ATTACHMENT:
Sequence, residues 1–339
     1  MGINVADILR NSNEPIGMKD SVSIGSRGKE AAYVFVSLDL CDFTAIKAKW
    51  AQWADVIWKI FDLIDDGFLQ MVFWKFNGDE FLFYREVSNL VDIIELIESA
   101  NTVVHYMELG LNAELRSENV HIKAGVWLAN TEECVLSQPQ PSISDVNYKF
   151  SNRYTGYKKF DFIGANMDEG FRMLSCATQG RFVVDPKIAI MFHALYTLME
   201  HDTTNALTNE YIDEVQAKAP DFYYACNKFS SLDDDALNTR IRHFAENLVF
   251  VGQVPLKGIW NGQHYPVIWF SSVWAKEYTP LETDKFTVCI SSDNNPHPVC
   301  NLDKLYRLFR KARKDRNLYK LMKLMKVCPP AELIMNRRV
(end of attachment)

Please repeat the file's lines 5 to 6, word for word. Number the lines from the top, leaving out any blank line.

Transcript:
   151  SNRYTGYKKF DFIGANMDEG FRMLSCATQG RFVVDPKIAI MFHALYTLME
   201  HDTTNALTNE YIDEVQAKAP DFYYACNKFS SLDDDALNTR IRHFAENLVF